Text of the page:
Writing Lesson of the Month Network

...sharing thoughtful, mentor text-inspired lessons your students will love!

Here's a special posting page for teachers who have subscribed to our "Common Core-Friendly Vocabulary & Writing Lessons," which you can read about online at my website:  http://corbettharrison.com/products.html#vocab

Here's an open invitation to teachers using my Vocabulary Collecting resources to photograph and share your students' best "Vocabulary Root Relation" activities.

As I explain to my wonderful students, a "word detective" will investigate the Latin or Greek root most words we use borrow roots from, and--in doing so--they will discover that interesting words are related because they share an ancient language's root in common.  A "Root" Relation activity requires identifying a Greek or Latin root (a true word root, no suffixes or prefixes!), then finding three or four different words that are related because they share the root; the relationship must be explained in this activity.

If you have an awesome student-submitted "Root Relation," I invite you to post it here in the reply box below.  I hope to create an amazing online collection of Vocabulary-inspired "Root Related" displays from all over the country...and world...with this invitation.  Please share.

If you don't see the "Reply to This" box below this posting, be sure you have clicked on the "+Join Vocabulary Collectors" link in the upper right-hand corner of this screen.  

I look forward to helping you celebrate your writers by having a place to post their Related-Root charts.  Please don't post last names, and please don't post any information about your students that might compromise their Internet safety.  THANKS in advance.

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8th grader Serene found this old-fashioned word from our class non-fiction--Incidents in the Life of a Slave Girl--and she investigated some of the word's cousins.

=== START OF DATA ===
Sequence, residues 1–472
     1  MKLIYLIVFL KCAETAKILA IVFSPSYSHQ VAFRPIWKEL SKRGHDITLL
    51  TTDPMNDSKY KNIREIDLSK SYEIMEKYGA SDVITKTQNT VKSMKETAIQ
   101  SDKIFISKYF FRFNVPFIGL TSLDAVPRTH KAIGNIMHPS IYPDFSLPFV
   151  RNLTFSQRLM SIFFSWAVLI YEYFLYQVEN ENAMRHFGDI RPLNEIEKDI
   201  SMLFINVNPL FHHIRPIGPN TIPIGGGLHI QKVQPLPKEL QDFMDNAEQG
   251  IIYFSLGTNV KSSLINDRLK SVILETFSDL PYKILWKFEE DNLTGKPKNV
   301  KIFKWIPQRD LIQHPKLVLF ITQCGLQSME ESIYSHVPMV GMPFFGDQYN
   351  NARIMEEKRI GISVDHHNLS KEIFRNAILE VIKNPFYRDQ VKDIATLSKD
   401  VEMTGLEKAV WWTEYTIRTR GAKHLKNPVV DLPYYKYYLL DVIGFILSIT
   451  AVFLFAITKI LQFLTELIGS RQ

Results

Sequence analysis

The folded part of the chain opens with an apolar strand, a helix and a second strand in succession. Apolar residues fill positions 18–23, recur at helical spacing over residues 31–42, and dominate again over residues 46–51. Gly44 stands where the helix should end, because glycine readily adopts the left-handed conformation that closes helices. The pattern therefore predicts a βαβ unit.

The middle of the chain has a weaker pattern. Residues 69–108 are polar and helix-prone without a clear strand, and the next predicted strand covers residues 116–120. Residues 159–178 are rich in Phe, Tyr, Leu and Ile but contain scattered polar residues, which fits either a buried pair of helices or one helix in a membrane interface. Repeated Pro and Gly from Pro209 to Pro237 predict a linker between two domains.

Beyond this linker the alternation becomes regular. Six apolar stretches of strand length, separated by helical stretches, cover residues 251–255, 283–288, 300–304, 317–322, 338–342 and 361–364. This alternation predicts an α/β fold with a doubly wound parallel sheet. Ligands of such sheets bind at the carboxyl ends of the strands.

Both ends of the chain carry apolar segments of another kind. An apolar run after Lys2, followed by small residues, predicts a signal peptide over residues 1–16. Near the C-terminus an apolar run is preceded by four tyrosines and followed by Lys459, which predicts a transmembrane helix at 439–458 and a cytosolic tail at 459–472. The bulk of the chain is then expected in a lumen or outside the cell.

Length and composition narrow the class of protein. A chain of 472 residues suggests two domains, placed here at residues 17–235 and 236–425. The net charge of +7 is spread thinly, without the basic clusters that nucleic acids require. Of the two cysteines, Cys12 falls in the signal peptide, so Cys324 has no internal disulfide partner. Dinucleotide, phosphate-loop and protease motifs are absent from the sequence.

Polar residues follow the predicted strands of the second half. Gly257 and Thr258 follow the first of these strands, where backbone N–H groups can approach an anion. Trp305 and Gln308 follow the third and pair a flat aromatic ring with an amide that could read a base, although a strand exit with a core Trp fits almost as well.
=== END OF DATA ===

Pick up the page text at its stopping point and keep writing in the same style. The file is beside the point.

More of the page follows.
Coincidence?  Pure Cleverness?   Hmmmm....


Here sixth-grader Sydney found the word geotropism in her independent book, and she cleverly turned her related words into literal roots.  You have to admit that's a clever way to present a Greek or Latin root you've learned.

Mark found the word monolith in I Have Lived 100 Years, and he immediately saw a root connection.

I require three related words (with explanations of the relationship), but Mark safely added a fourth word to ensure he received full credit for this word.

Thanks, Mark. 

My sixth graders don't connect with the "root relations" activity as much as my 7th and 8th graders; maybe they just don't see the connections yet.  I don't know.

Here. sixth grader Jackie, however, proves me wrong by doing her research and discovering a root that I wouldn't have expected her to catch.

I don't require them to add a fake word, but it's one of the activities we do in class after my Root Attack Poster assignment, and I'm glad to see that Jackie still wanted to create a fake word she wish existed.

A pretty example from 8th grader Mimi who was reading A Separate Peace.

I gave her grief for misspelling terminal because Mimi can be a meticulous perfectionist at times.  She was only a little upset about it, and we blamed the program she used because it didn't check spelling.

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